When employees who have had serious health crises return to work, employers often worry that they may not be able to work safely. While that may seem like a valid concern for employee welfare, courts seldom see it that way.
In fact, if a returning employee also requested reasonable accommodations, refusing to let him return may amount to retaliation for protected activity.
Recent case: Douglas Baker, a forklift operator, went out on medical leave for a heart condition. After exhausting his paid leave and undergoing a defibrillator and pacemaker implant, he sought to return to work.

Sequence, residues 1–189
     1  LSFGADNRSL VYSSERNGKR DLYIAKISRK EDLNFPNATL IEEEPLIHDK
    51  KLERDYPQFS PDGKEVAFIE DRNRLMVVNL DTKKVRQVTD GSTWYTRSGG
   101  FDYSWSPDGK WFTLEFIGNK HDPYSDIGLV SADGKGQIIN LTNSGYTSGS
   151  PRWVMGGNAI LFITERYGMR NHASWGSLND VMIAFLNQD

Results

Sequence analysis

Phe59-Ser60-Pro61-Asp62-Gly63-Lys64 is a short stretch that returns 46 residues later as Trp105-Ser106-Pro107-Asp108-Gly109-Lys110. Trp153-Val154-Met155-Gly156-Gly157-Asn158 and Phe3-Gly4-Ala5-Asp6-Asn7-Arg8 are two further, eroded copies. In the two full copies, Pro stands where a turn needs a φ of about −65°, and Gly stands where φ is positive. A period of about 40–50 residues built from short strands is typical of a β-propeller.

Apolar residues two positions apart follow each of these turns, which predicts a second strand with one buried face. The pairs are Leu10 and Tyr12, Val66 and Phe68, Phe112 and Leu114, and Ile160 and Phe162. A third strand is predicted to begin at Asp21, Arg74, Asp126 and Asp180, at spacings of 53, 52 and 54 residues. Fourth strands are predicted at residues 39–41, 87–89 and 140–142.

He asked his employer to provide him with reasonable accommodations so he could avoid electromagnetic fields that might interfere with his implanted heart devices. He wanted to wear a sensor that measures electromagnetic levels, and requested a special forklift route that would keep him out of harm’s way.
The employer told him he could return to work only if he agreed to waive any potential future claims for workers’.
Baker sued, alleging ADA retaliation. The company argued that it refused to let him return out of concern it couldn’t protect him from harm.
But the court saw instead a calculated effort to let Baker expose himself to harm as long as he promised not to claim workers’ compensation benefits. It said the limited return offer was retaliation for requesting accommodations. (Baker v. Windsor Republic Doors, No. 08-6200, 6th Cir., 2011)